Hotshots Run To Remember (and unofficial reverse duathlon)

During the summer, 19 Arizona firefighters tragically lost their lives fighting the Yarnell Fire, and the Hotshots Run To Remember And Never Forget was created to honor their memory and raise funds for their families. It’s modeled after the Dipsea Race, where runners are started at different times based on age and gender so the faster runners chase the (theoretically, at least) slower ones. The first runners get a 25-minute head start and subsequent groups start at 1-minute intervals. My station in life garnered me an 8-minute advantage. The first 19 finishers would be awarded with numbered T-shirts, and the first to cross the line would receive a beautiful fireman’s axe.

I really needed to get some bike miles in for my upcoming Half Ironman, and because the road to the race has wide bike lanes and few lights, I decided to pedal there. I figured the ride would take me about an hour, so I set my alarm for 4:40. It was still dark when I left, but I had just bought a sweet 500-lumen lamp and was ready for it. The air was thick with humidity.

Going was slow, and I blamed sluggish morning legs. The sky turned a gray-blue as I rode and it was very peaceful. I had packed my running shoes and clothes in a drawstring backpack and it kept shifting to the side, which was a little annoying. There were a couple of stranded bikers on the side of the road a few miles from the park. They asked if I had a spare CO2 cartridge and a patch. This was not their first flat of the day and they had run out. Fortunately, I was able to help and that made me feel extra good about my decision to bike to the race. It took me 1:12:51 to reach the race site (http://connect.garmin.com/activity/372050073), but I still had time to get my number, change into my running clothes and shoes, and suck down a Clif Shot.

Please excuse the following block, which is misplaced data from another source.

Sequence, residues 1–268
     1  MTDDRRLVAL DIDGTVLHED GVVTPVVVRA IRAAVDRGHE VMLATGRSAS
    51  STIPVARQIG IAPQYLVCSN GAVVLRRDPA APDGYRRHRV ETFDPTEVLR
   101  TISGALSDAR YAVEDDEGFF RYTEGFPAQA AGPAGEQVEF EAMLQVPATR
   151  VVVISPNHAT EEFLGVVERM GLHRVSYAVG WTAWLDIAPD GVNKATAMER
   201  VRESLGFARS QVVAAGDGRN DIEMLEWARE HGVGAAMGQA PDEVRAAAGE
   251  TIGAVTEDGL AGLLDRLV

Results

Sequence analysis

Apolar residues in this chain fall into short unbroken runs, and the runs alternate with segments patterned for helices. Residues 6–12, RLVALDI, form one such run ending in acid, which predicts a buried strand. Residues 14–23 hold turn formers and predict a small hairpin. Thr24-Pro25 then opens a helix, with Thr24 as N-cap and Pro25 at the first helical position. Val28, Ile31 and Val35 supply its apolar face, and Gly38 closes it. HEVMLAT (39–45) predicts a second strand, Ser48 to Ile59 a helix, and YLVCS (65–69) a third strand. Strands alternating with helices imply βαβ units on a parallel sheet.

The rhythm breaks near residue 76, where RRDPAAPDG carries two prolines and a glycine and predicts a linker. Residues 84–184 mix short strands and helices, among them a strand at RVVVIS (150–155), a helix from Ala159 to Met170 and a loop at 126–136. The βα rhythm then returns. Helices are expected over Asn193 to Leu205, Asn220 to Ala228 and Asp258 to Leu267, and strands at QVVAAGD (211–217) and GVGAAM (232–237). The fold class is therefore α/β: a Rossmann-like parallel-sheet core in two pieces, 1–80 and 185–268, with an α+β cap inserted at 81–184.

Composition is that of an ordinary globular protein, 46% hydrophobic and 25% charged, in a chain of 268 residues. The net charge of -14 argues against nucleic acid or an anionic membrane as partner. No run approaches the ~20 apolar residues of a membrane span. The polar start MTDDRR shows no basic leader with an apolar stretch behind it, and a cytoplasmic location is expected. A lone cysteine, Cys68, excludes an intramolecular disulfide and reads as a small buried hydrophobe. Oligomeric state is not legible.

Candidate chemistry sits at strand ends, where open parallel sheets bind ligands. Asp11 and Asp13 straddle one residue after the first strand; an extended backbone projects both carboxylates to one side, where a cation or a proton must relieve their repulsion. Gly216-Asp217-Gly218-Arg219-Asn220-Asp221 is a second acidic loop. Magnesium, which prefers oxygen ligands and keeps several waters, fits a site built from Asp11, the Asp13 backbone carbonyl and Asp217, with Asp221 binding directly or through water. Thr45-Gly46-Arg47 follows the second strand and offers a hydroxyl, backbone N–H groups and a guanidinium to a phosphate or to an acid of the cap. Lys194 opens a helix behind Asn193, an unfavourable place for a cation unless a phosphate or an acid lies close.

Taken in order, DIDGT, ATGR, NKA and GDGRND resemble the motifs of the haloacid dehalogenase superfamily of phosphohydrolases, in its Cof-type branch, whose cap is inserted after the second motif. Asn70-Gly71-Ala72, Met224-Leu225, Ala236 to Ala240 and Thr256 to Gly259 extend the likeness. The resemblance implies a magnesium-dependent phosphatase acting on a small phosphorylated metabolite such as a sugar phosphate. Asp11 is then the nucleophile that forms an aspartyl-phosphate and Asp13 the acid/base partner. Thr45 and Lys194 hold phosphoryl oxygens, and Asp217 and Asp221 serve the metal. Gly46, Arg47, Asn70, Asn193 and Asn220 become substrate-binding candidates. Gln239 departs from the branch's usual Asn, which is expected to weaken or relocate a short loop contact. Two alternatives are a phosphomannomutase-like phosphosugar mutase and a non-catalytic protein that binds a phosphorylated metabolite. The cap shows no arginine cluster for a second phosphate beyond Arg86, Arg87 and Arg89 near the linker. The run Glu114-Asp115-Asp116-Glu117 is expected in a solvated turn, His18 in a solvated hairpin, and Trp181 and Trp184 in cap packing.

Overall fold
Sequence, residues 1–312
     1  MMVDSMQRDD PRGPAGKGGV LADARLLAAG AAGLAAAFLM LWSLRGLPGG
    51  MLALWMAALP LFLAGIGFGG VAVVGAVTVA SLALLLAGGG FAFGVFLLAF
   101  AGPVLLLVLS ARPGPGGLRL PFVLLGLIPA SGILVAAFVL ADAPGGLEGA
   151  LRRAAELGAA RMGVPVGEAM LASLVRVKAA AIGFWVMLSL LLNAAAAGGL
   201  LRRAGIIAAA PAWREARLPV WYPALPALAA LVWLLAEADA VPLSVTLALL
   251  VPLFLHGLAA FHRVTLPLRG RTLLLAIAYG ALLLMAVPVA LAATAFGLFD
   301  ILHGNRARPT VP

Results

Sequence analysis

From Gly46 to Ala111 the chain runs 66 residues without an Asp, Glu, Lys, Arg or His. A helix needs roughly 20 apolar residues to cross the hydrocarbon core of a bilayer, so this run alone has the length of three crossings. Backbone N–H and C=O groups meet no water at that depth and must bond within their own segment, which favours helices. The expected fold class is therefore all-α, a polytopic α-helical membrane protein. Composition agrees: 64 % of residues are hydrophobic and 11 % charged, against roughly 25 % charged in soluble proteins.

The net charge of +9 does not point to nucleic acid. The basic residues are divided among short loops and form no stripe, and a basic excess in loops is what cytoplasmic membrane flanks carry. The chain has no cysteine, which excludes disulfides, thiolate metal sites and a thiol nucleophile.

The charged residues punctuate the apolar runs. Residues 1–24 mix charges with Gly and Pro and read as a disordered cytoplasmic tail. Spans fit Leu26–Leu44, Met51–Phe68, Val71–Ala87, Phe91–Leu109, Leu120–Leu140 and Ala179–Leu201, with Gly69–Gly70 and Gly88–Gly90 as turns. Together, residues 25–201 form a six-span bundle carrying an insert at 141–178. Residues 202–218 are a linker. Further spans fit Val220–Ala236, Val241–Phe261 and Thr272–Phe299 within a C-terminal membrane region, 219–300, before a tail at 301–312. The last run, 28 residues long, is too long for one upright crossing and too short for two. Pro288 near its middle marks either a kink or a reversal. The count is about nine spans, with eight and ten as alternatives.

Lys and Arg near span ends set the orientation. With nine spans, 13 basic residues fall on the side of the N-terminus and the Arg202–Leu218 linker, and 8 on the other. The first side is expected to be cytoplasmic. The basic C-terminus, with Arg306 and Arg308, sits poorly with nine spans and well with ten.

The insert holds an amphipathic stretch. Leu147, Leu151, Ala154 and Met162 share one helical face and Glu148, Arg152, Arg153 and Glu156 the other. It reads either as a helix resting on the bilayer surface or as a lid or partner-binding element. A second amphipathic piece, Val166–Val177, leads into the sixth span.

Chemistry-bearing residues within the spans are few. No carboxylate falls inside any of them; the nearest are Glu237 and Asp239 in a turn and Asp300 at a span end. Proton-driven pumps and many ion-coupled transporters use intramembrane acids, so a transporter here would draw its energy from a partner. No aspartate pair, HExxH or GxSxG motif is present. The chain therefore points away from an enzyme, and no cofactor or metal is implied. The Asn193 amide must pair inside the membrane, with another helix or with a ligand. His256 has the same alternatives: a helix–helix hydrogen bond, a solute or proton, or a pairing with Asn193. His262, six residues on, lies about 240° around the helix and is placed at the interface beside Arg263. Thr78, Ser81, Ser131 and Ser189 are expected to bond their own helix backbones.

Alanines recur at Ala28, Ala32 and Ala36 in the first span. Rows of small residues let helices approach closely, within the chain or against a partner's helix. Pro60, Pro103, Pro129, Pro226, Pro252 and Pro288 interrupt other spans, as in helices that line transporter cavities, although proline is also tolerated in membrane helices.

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I would be starting at the same time as my friend Amy. Both of us were treating this race as a training run. Then I noticed that she had some Mace attached to her hydration vest. She said it was in case she ran into any hostile critters, but I think she might have been planning to take out the competition…  🙂 The race director kept calling for the different start groups, and most of them were pretty small until it was our turn.

From the start, it felt like I was left in the dust. Enough time had passed since my ride that I didn’t have the rubber-legged feeling I get during a triathlon, but I was definitely feeling its effect. On the plus side, it was still cloudy and there was a nice, refreshing rain. The early part of the race was paved but hilly. There was a working ranch nearby, and the scent of horse hung in the air. The first two miles were run at about 8 minutes a piece, and I was happy with that. Amy was long gone, though. As I ran by one woman she said, “I go to your Body Pump class.” I didn’t recognize her, but it was a fairly large class and it seemed like a lot of the faces change from week to week. It’s silly, but I felt like since I was the instructor that I should be faster.

The staggered start made the passing situation interesting: I was able to pass some people easily and other people were dropping me like a hot potato. My mental DJ was in a cultural mood and had selected Triumphal March from Verdi’s opera Aida for this morning’s festivities.